Double Cross Agents
Double Cross Agents
Background to the Double Cross System
The Double Cross System was one of the greatest intelligence coups of the Second World War. J C Masterman, Chairman of the Double Cross Committee, concluded that 'we [MI5] actively ran and controlled the German espionage system in this country [Britain]'. Because a double cross, read as Roman numerals, is twenty, the Double Cross Committee was known as the Twenty Committee. In the Near and Middle East, Double cross was run by the Special Section of SIME (and its sub-section CICI in Persia and Iraq).
Due to a combination of counter-espionage work prior to the war and signals intelligence during it, MI5 were in a position to monitor and pick up German agents as they were 'dropped' into Britain. These agents were then 'turned' and began working for the British authorities. The preferred communication was via wireless telegraphy (W/T), although secret ink, microphotography and, in some cases, direct contact with the agent were also employed.
Initially the Double Cross System was used for counter-espionage purposes, but its comprehensive success provided an excellent conduit for strategic deception, culminating in the D-Day deception operation, known as FORTITUDE. This plan misled the Germans into believing that the Pas de Calais was the real landing area of the Allied invasion, rather than Normandy. Further successes were achieved in U-boat and V-weapon deception, and during operations HUSKY and TORCH.
A good summary of the most significant Double Cross cases may be found in JC Masterman's book, The Double Cross System.
The female double agent GELATINE was born in Raithern, Austria in January 1911. Married to a Jew, she left Austria for Palestine in 1934. Arriving in the UK in 1938, she began informing on the activities of German organisations in Britain to the authorities. She was introduced to the German secret service by TRICYCLE in 1941 and for the rest of the war sent messages written in secret ink to her contact in Portugal. Initially these were political in content, but from 1942 her handlers began to introduce military misinformation into GELATINE's letters.
KV 2/1275, covering 1939-1941, shows the Security Service intervening with the Metropolitan Police to have movement restrictions under the Aliens Act lifted so that GELATINE could continue her secret work. Correspondence on the file covers her introduction to the Germans (who already knew of her presence in Britain) by TRICYCLE, and includes detailed discussion of the TRICYCLE and GELATINE cases. The file includes copies of letters written by GELATINE under her alias Friedl Gaertner with examples of secret writing, which for various reasons were not sent, and correspondence discussing the content of the secret messages she was to pass.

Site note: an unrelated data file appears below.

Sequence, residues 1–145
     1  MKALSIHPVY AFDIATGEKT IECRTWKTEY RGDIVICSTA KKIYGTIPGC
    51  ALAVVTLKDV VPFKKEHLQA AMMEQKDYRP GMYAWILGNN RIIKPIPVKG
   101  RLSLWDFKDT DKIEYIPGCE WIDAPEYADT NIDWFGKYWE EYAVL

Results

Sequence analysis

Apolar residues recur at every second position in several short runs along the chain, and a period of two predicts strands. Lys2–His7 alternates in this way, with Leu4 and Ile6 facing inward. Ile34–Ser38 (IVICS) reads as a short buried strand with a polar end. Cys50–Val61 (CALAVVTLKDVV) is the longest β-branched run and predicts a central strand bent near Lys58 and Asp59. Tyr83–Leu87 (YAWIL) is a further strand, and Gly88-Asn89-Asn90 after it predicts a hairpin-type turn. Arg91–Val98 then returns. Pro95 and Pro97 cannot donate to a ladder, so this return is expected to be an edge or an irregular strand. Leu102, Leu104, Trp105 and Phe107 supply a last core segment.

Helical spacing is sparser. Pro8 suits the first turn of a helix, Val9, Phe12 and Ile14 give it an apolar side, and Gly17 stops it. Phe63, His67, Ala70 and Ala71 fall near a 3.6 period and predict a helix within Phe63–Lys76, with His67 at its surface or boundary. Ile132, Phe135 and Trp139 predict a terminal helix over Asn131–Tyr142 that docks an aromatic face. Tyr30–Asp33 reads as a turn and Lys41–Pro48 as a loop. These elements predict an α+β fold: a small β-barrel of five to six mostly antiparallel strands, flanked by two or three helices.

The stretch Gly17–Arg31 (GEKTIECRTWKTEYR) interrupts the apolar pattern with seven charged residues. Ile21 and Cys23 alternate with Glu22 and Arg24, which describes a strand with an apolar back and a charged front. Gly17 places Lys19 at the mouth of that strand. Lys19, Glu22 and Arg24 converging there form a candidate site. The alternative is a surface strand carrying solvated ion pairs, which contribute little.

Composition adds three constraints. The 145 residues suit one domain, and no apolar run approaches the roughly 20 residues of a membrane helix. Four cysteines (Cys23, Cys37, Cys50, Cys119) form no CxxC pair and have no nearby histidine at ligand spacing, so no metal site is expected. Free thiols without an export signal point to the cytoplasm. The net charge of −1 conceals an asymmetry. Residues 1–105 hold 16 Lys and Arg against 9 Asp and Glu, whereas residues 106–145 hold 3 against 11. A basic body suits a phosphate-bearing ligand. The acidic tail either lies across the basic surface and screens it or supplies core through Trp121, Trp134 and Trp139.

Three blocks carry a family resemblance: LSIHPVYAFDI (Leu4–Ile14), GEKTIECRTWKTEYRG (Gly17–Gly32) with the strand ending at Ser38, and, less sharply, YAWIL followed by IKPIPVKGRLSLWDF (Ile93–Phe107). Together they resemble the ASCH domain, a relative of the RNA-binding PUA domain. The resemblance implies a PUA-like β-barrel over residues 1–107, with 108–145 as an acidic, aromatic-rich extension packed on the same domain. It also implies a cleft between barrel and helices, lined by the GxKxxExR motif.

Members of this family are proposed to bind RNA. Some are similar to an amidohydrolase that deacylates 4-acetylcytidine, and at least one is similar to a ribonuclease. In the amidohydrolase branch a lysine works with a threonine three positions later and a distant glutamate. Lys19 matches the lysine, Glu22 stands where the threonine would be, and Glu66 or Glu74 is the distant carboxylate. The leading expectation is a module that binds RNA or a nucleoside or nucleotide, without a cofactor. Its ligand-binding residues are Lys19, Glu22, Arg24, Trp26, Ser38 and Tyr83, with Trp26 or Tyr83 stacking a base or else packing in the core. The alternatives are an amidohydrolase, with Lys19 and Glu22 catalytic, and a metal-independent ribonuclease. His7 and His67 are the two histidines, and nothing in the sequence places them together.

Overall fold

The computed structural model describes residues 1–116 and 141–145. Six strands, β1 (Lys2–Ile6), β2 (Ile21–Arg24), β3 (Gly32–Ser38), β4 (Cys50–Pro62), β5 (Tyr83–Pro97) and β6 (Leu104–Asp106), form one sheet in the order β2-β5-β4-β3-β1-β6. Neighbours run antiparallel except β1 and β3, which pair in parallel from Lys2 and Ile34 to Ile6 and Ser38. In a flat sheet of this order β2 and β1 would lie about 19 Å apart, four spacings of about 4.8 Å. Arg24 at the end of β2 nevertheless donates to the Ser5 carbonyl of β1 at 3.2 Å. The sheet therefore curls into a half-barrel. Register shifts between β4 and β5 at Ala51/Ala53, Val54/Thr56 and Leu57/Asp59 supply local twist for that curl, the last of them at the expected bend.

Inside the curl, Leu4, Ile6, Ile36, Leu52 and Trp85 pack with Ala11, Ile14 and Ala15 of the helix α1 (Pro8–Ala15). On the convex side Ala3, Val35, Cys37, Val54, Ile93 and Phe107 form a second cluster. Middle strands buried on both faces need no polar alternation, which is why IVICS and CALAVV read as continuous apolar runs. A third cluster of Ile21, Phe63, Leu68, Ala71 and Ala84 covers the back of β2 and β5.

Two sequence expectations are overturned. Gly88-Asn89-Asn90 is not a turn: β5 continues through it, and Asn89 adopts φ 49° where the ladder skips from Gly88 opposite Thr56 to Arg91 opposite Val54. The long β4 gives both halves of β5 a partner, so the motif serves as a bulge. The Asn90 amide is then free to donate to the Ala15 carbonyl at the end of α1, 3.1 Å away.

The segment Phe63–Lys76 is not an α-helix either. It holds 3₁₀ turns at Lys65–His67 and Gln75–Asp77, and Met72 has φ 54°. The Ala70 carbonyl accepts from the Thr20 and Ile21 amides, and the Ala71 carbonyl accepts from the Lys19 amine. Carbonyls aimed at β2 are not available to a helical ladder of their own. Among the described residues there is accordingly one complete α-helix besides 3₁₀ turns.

There are further examples in KV 2/1276 (1941-1942) and KV 2/1277 (1942-1943). KV 2/1276 also includes a case summary by J C Masterman, written in September 1941, suggesting that the case might have to be abandoned because the Gemans did not seem to be responding to GELATINE's messages. It also includes an original following telegram from the Germans in Portugal to Gaertner which explains in code how her earlier contact in Lisbon had become inoperative. Difficulties in obtaining appropriate secret ink for GELATINE are discussed in KV 2/1277, which also deals with the suppression of GELATINE's true name from reports of the case of Ben Greene against Sir John Anderson. This file also covers her January 1943 trip to Edinburgh where she fell foul of the local police and the Security Service again had to intervene to protect her identity.
KV 2/1278 takes the case from 1943 to the end of the war, where it dies with the German surrender, and includes details of arrangements for settling final payments to GELATINE.
KV 2/1279 (1941-1945) is the finance file, giving details of GELATINE's payments of £5 per week plus 10% of any funds sent via TRICYCLE to the UK for her use. The file includes a termination of employment form signed on 16 June 1945.
KV 2/1280 consists mainly of reports of GELATINE's pre-war work in informing on German organisations such as the Anglo-German Fellowship and The Link, but also includes a copy of her statement in the Ben Greene case.